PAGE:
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Are we taking easy money from the cash cows or are we herding, training and educating them? Implications for policy and practice in the teaching and learning.

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Presentation on theme: "Are we taking easy money from the cash cows or are we herding, training and educating them? Implications for policy and practice in the teaching and learning."— Presentation transcript:

1 Are we taking easy money from the cash cows or are we herding, training and educating them? Implications for policy and practice in the teaching and learning process Dr Paulo Charles Pimentel Bótas PhD Research Officer at ICHEM International Centre for Higher Education Management School of Management – University of Bath

2 Internationalisation running out of money Need foreign money International market Competition for resources Reputation and quality Why not international students?!... 15/06/20122 Dr Paulo Charles Pimentel Bótas PhD ICHEM - School of Management University of Bath

3 Marketisation UK second to the USA Proactive recruitment Intensive marketing Reputation and quality European neighbours Do we do what we say on the tin? 15/06/20123 Dr Paulo Charles Pimentel Bótas PhD ICHEM - School of Management University of Bath

4 The international student experience What are we offering international students? What do we do in the classroom? What means of support are being provided? What constitutes international students experience? How do we look at it? How do we understand it? 15/06/20124 Dr Paulo Charles Pimentel Bótas PhD ICHEM - School of Management University of Bath

5 Internationalisation in the teaching and learning process involves the development of the students abilities to acquire, understand, analyse, interpret and apply skills and knowledge, and to understand and respect multicultural perspectives related to their academic and professional areas. (Pimentel Bótas, 2012) 15/06/20125 Dr Paulo Charles Pimentel Bótas PhD ICHEM - School of Management University of Bath

6 Internationalisation in the teaching and learning process the exposure to and the experience of engaging with students and teachers from different countries and backgrounds in the classroom. (Pimentel Bótas, 2012) 15/06/20126 Dr Paulo Charles Pimentel Bótas PhD ICHEM - School of Management University of Bath

7 Internationalisation in the teaching and learning process the opportunity to see things from different cultural and professional perspectives, bringing the learning activities in the classroom to a new level, in which communication, understanding of multiple perspectives and analysis of practices, and respect for multicultural diversity are the ground rules. (Pimentel Bótas, 2012) 15/06/20127 Dr Paulo Charles Pimentel Bótas PhD ICHEM - School of Management University of Bath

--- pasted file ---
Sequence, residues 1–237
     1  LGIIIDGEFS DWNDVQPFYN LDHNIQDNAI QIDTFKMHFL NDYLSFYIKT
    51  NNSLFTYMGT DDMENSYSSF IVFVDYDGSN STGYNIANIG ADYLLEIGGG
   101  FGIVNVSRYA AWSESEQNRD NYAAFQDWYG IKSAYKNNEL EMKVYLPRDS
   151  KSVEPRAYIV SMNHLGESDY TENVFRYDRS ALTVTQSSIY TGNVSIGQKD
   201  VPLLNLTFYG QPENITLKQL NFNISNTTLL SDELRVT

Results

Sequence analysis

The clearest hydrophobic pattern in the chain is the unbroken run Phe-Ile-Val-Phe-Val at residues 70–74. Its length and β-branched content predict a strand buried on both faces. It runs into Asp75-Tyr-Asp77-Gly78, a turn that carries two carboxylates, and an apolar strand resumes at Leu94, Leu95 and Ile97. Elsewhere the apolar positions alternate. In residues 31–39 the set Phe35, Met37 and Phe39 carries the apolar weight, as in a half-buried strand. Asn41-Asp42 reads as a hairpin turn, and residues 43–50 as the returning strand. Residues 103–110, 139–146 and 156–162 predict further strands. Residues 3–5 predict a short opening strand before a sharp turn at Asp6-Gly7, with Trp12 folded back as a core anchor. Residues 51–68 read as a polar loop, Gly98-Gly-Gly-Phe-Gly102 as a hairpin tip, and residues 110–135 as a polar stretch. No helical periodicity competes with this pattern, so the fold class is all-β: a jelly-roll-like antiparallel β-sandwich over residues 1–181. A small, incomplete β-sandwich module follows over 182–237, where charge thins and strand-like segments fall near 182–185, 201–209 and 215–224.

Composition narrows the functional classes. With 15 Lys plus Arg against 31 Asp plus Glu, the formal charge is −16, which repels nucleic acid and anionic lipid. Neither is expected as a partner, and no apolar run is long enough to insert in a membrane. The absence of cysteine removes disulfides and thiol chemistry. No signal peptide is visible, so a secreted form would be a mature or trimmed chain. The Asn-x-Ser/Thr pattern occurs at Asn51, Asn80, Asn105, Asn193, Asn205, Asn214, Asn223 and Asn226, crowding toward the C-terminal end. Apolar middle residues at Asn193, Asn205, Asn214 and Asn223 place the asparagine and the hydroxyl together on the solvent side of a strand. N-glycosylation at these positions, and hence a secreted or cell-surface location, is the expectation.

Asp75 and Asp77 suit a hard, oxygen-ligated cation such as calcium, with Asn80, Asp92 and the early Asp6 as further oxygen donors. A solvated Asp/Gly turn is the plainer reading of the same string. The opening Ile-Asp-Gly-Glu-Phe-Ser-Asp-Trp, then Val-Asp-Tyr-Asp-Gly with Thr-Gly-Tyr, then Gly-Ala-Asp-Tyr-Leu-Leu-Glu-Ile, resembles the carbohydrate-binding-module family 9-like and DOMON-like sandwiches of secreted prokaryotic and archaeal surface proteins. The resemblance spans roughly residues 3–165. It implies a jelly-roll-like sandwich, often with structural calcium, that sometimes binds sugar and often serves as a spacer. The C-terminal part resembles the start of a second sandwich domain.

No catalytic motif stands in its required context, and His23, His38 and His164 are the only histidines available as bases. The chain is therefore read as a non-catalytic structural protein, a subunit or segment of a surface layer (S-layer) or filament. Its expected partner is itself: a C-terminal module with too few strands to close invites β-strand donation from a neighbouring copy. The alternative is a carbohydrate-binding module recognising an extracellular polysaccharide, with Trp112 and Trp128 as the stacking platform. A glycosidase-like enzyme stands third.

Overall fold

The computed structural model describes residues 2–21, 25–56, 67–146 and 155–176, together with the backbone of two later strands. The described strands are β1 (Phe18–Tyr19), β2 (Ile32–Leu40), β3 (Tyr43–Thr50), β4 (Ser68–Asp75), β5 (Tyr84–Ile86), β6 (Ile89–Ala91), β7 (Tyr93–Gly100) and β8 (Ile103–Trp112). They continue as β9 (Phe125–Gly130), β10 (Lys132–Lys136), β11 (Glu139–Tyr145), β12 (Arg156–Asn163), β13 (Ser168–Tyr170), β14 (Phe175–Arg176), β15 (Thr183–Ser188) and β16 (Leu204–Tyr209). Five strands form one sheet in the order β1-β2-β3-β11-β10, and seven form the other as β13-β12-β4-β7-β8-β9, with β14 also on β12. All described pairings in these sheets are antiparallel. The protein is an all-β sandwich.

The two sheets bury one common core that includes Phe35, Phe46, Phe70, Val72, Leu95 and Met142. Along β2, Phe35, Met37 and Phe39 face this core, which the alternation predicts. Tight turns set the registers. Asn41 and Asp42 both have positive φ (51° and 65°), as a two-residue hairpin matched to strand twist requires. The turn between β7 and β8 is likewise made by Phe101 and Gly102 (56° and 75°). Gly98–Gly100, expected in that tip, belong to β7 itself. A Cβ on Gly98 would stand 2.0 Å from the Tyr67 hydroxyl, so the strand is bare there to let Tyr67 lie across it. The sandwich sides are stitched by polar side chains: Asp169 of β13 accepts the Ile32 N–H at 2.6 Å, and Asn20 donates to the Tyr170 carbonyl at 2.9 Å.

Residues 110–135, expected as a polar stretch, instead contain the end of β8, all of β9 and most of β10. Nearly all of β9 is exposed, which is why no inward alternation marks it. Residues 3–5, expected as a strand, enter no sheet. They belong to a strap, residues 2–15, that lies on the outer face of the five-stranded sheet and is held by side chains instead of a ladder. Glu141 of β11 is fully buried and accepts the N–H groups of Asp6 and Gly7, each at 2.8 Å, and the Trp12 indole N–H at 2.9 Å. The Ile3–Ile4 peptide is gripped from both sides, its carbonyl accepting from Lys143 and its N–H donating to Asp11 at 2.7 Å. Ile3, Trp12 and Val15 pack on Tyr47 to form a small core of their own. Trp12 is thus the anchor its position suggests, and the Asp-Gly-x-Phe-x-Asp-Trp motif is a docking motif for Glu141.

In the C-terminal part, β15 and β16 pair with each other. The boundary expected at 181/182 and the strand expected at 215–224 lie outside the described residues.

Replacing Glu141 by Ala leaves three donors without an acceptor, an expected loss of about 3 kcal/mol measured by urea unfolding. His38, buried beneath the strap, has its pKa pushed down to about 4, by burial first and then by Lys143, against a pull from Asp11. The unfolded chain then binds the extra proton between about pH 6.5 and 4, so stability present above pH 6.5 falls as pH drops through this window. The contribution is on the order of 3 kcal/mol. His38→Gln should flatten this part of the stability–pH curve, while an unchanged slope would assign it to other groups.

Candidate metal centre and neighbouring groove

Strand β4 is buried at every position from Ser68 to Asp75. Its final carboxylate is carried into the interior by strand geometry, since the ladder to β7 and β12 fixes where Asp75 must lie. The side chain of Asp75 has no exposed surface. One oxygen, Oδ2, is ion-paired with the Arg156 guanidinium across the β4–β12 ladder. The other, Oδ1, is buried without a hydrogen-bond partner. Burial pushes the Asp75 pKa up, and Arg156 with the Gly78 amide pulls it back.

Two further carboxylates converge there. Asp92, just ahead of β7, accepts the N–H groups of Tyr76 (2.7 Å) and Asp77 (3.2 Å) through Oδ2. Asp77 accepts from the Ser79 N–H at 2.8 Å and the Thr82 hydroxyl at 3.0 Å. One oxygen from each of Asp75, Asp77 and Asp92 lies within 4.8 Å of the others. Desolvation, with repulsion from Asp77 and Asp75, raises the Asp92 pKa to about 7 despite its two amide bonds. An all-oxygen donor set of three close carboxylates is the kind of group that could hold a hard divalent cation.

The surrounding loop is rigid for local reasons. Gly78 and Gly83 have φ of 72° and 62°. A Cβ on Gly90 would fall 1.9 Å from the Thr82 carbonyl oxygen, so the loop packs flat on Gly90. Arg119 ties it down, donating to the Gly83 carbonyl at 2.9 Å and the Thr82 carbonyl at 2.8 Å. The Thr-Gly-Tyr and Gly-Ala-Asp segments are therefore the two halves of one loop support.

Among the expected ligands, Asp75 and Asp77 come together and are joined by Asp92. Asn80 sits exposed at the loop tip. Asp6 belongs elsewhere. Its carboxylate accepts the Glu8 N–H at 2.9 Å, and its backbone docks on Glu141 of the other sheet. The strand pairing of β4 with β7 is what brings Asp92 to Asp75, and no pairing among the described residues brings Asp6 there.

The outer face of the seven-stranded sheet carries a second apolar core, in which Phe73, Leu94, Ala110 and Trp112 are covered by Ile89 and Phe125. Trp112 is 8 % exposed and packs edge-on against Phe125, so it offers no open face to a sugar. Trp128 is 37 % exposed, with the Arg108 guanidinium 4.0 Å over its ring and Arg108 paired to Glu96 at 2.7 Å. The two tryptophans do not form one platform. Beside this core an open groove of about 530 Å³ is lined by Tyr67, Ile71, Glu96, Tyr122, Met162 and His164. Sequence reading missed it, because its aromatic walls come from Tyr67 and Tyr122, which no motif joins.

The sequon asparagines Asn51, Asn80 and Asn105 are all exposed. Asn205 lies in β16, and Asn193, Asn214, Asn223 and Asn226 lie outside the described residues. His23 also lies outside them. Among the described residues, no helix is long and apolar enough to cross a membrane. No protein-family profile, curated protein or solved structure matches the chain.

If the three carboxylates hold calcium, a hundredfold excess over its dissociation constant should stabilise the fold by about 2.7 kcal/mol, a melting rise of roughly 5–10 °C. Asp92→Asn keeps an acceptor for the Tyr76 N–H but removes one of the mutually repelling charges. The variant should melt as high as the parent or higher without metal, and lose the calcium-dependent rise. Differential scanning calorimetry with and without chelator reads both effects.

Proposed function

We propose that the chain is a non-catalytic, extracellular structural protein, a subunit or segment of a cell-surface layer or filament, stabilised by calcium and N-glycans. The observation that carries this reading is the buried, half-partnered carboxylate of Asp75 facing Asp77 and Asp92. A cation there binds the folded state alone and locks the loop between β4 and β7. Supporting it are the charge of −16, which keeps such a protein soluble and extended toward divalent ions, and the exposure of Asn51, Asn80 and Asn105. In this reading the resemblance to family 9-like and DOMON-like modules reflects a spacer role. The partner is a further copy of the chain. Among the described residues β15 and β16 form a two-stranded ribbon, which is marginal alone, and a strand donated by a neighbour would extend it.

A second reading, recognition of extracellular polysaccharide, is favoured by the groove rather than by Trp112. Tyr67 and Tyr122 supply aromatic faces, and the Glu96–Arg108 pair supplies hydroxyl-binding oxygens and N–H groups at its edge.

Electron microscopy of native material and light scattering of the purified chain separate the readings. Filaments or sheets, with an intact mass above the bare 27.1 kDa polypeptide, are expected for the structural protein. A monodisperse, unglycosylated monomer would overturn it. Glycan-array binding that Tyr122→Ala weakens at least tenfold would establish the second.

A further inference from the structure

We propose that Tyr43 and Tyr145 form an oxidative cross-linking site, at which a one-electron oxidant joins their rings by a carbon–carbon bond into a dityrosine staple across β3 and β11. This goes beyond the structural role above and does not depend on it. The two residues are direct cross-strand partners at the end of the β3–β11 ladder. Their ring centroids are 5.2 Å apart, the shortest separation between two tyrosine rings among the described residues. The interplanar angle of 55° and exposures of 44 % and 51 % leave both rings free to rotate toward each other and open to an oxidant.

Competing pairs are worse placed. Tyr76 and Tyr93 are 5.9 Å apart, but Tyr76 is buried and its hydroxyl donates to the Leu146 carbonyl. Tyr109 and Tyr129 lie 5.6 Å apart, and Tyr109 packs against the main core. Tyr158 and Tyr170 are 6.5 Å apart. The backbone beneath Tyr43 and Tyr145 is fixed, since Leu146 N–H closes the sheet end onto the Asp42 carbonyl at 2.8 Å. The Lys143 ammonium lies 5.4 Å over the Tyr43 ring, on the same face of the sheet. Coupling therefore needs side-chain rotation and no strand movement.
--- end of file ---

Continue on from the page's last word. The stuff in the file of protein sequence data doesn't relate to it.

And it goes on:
8 Assumptions and realities English language International competition has increased International students are not all the same International students operate at least in two modalities of English language With different vocabulary, meaning and usage 15/06/20128 Dr Paulo Charles Pimentel Bótas PhD ICHEM - School of Management University of Bath

9 Neo-liberalism, new mangerialism and academic behaviour Teaching and teachers being undervalued and not appreciated Research and researchers being overvalued and extremely appreciated Research and publication as the most valuable path to career progression Some researchers see teaching, student support and contact with students as a barrier 15/06/20129 Dr Paulo Charles Pimentel Bótas PhD ICHEM - School of Management University of Bath

10 Money makes the world go round HEFCE allocated £3.2bn for teaching and 1.6bn for research International students contribute over £5bn to the UK economy USA $20.23bn, Australia $9.4bn and Canada $6.5bn Some HEIs in UK increased the number of international students by 20% to 50% in Academics internal dichotomy 15/06/ Dr Paulo Charles Pimentel Bótas PhD ICHEM - School of Management University of Bath

11 Otherisation anybody who that sounds different, looks different, behaves and holds beliefs different from ours. (Pimentel Bótas, 2012) 15/06/ Dr Paulo Charles Pimentel Bótas PhD ICHEM - School of Management University of Bath

12 International students The deficit model International students are: - Incapable - Dependent - Submissive - Underperformers - Unwilling to engage - Intellectually deficient and - cheaters and plagiarists Fluency in English language equals intelligent 15/06/ Dr Paulo Charles Pimentel Bótas PhD ICHEM - School of Management University of Bath

13 International students are aware of the discriminatory stereotype project onto them International students in Medical Tourism wanted to form a group of East Asian students because they wanted the opportunity to demonstrate the value of East Asian student through the successful completion of their project. (Carrie, 2011) 15/06/ Dr Paulo Charles Pimentel Bótas PhD ICHEM - School of Management University of Bath

14 Home students Ideal model Home students are: - Active - Independent pursuers - Engaged in deep learning and - Academically honest Powerful but meaningless concepts Academic performance is discipline related International students are equal to home students 15/06/ Dr Paulo Charles Pimentel Bótas PhD ICHEM - School of Management University of Bath

15 According to Janette Ryan (2012), China Level of knowledge Learn from the teacher Respect teachers and texts Harmony of the group Consensus/avoiding conflict Reflective learners Critique of the self UK Type of (critical) thinking Independent learning Question teachers and texts Student-centred learning Argumentation/assertiveness Deep learners seeking meaning Critique of the other 15/06/2012 Dr Paulo Charles Pimentel Bótas PhD ICHEM - School of Management University of Bath 15